Intense blue eyes pierce the camera.
Boy-cut hair gone white. A hand at her craggy face.
Her friends say: Berenice Abbot is serious
When Ginsberg comes to visit,
he tries to take her photograph.
'Oh don't be a shutterbug.'
Her Ohio childhood: 'I remember nothing about it
She bobs her hair, moves to New York City
Marcel Duchamps gives her that extra syllable.
Ber-é-nice Man Ray's assistant,
she revels in 'mixing solutions, playing with papers.'
At 28, with a large format camera on a tripod:
Jean Cocteau, Janet Flanner. Sylvia Beach.
James Joyce with bow tie, eye patch & rakish hat.
Eugène Atget. Their names coupled forever.
She photographs him, thinks of him
as 'a beautiful old man.' Months later, he dies.
She borrows money to purchase a precious trove
of his photos that captured the 'old Paris,'
honoring him as the father she never had.
1929. She leaves Paris to photograph New York City
'to fix the image of a city for posterity.'
In Greenwich Village, she goes 'tea dancing' at Child's
where gay women gather. She's home.
Teaching at the New School 'to bring in groceries,'
partners with Elizabeth McCausland.
Adjoining studios on Commerce Street
for 33 years. Their collaboration: Changing New York.
Abbot's iconic photos, McClausland's florid text.
A diabetic, McCausland dies at 66. Abbot endures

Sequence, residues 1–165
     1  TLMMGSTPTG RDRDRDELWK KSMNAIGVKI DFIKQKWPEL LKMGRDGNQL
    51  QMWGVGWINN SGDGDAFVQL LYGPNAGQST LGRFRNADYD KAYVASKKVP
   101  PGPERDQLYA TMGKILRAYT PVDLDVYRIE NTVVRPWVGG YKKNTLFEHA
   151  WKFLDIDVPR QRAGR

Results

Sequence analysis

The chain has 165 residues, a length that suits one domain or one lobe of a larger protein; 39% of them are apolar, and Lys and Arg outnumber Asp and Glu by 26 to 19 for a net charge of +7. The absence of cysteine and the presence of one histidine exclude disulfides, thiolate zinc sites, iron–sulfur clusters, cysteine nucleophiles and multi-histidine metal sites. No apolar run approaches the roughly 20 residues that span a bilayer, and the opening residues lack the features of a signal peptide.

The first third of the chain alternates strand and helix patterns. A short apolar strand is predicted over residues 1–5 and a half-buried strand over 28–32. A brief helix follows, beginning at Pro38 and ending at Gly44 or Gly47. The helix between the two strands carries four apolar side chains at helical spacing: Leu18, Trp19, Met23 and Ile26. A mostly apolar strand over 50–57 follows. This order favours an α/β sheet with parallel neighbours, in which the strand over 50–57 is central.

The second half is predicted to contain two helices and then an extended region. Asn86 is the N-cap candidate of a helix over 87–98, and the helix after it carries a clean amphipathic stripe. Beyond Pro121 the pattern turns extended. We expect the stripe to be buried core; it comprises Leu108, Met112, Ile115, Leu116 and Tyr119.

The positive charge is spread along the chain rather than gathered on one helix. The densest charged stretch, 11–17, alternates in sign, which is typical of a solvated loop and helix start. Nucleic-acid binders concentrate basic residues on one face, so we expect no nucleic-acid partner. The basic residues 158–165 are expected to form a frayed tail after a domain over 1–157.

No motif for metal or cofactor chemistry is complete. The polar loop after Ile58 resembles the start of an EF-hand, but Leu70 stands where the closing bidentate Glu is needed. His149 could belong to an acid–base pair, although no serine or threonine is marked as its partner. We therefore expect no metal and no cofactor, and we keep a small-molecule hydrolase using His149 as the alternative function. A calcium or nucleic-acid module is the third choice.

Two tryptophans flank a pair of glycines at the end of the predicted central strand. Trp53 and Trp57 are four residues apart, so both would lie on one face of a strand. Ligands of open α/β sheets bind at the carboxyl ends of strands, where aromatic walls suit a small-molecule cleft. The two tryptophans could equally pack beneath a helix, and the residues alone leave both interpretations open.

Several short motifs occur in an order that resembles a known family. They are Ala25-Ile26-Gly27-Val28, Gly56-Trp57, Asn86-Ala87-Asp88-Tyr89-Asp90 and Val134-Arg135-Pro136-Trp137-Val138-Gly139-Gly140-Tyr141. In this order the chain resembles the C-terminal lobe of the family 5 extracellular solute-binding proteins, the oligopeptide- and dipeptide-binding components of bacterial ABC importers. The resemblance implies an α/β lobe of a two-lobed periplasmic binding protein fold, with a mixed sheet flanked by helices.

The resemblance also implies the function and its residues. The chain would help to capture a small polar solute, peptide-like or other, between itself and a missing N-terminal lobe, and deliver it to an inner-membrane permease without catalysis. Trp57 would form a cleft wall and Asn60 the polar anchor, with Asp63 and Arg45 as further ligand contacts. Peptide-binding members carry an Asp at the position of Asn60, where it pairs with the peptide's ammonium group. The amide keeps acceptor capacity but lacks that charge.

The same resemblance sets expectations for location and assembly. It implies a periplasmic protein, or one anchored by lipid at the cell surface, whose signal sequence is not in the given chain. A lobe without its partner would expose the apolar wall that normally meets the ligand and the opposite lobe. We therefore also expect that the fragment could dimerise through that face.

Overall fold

through old age in Maine a place 'not too pretty'
which she loves for being 'rugged & wild.'
From her 1951 FBI file: Suspicious activity:
Work with Eugene Smith & Weegee on the Photo League.
Defense of Sacco & Vanzetti. Contributions
to the Political Prisoners Bail Fund.
Concealed communist? 'Wears slacks constantly.'
Afraid of heights, she stood on ledges.
To onlookers, she'd say:
Buddy, I'm not a nice girl. I'm a photographer. I go anywhere.
Copyright 2019 Joan E. Bauer
“Photography,” said Berenice Abbott, “can never grow up if it imitates some other medium. It has to walk alone; it has to be itself.” Born in America in 1898, Abbott decided not to pursue picturesque images in her work, but to document, to show the subject exactly as it was. Only by distinguishing itself from painting, Abbott believed, would photography become its own artistic medium. The project Abbott undertook from 1935 to 1939, and for which she achieved international recognition, was called Changing New York. It is a chronicle of the evolving city through more than 300 black and white pictures, taken during a time of growing depression. [Source: Les Douches The Gallery]